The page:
Agatha Christie / Matthew Pritchard (ed.): The Grand Tour: Letters and Photographs from the British Empire Expedition 1922
Agatha Christie’s letters, photos and postcards from the expedition to South Africa, Australia, New Zealand, Hawaii, and Canada in which her first husband, Archibald, and she were invited to participate out of the blue shortly after the birth of their daughter Rosamund. Lovingly edited by her grandson Matthew Pritchard, and amplified by the corresponding excerpts from her autobiography, the letters in particular shed an interesting sidelight onto the thinking and life experience of the then-budding future Queen of Crime (her second novel was published while the tour was under way), and to fans, the book is worth the purchase for her photos alone (she had rather a good eye for visual composition, too) … and for her surfing adventures, reproduced here in their full glory, and in both words and images.
John Bercow: Unspeakable
An impromptu boddy read with BrokenTune; delivered in Bercow’s trademark style and doubtlessly offering as much fodder to those determined to hate him as to those who regret his stepping down as Speaker. I commented on the bits up to the Brexit chapter in a status update at the 70% point; the final part of the book contains much that Bercow had already said repeatedly while still in office, be it in interviews or from the Speaker’s chair; yet, while he doesn’t hold back with criticism of those whose stance he considers irresponsible, he is also scrupulously fair to all those who, he genuinely believes, are working hard to realize the political aims they consider in the best interests of theiri constituents. In fact, the chapter about what, in Bercow’s opinion, makes a “good” politician, was possibly the most surprising inclusion in the book (and the book worth a read for that chapter alone), heaping praise (and in some instances, scorn) on a wide array of politicians of all parties, regardless whether Bercow shares their views or not. — Even if no longer from inside the Houses of Parliament, I hope and trust Bercow’s voice will remain relevant and weighty in the months and years to come.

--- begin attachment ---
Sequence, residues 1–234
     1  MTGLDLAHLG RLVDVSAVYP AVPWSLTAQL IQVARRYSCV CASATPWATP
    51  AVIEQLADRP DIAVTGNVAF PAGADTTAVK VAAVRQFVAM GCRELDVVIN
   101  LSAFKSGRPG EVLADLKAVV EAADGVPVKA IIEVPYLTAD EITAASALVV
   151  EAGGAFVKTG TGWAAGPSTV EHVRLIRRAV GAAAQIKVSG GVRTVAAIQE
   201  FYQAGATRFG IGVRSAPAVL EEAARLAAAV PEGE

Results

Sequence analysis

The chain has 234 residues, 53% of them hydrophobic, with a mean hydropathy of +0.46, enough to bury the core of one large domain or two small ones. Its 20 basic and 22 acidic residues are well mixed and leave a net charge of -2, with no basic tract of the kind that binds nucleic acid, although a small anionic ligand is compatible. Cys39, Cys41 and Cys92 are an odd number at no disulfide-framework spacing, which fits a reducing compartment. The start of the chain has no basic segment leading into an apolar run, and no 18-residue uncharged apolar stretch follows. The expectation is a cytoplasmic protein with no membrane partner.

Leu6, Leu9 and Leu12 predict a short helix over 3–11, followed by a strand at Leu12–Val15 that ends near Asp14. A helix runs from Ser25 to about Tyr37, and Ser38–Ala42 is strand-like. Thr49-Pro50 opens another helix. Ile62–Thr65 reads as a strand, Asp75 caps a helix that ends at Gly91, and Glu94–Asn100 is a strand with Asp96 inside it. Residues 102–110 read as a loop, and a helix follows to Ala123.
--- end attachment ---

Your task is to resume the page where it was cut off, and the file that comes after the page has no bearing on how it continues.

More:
Patricia Moyes: Dead Men Don’t Ski
A huge shout-out to Moonlight Reader for favorably reviewing this book earlier this year and thus bringing it to my attention. Henry Tibbett and his wife Emmy are a joy to be with, and like MR and Tigus (who has also read the book in the interim), I’ll definitely be spending more time in their company in the future. What I particularly appreciated in addition to the delightful characters created by Ms. Moyes (and the rather cleverly-constructed locked-room mystery at the heart of this book) was the understanding she brought to the book’s setting in the German-speaking part of the Italian Alps, which is not only one of the most naturally stunning parts of the entire Alps but also a region fraught with a complicated history, which might have caused a lesser writer to glide off into easy cliché, but which Moyes uses rather skillfully in crafting her story’s background.
Ngaio Marsh: Light Thickens
The final book of the Roderick Alleyn series and perhaps not everybody’s cup of tea, set, as it is, in Marsh’s “main” professional domain — the world of the theatre — and featuring a plot in which the murder only occurs at the halfway point, almost as an afterthought: and yet, upon revisiting the book, I instantly realized all over again why this (the first mystery by Marsh I’d ever read) was the one book that irresistibly drew me into the series and made me an instant fan. This isn’t so much a mystery as a Shakespearean stage director’s love letter to the Bard, and to his “Scottish play” in all of its permutations; as well as to the Shakespearean theatre, and more generally, the world of the stage as such. Roderick Alleyn (rather far advanced in his career and definitely not having aged in real time) eventually shows up to solve the inevitable murder, faithful sidekick Inspector (“Br’er”) Fox in tow and quoting Shakespeare with the best of them, but the stars of the show remain the actors themselves, the play’s director (whom those who read the series in order will, at this point, already have encountered in a prior installment), and ultimately, Shakespeare himself. This may not be everybody’s cup of tea in a mystery … to me, it proved irresistible, the first time around as much as upon revisiting the book now.